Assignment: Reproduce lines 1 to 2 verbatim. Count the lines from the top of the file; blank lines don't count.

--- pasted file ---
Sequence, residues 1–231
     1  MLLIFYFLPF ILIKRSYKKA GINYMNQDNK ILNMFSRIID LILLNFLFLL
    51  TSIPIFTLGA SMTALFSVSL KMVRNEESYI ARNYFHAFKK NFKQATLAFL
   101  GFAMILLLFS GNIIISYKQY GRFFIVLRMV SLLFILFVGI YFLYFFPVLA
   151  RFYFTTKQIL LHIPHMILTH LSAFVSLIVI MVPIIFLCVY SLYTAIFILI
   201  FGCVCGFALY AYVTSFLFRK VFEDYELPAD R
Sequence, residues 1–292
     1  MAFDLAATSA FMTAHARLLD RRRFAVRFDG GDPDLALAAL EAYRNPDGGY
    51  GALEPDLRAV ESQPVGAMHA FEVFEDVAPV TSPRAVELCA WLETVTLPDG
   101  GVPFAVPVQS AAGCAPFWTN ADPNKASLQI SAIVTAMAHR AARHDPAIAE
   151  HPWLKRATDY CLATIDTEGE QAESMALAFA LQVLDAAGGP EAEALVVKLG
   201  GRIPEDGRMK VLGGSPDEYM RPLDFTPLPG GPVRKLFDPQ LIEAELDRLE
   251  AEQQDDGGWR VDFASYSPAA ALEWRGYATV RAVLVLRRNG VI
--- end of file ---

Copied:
Sequence, residues 1–231
     1  MLLIFYFLPF ILIKRSYKKA GINYMNQDNK ILNMFSRIID LILLNFLFLL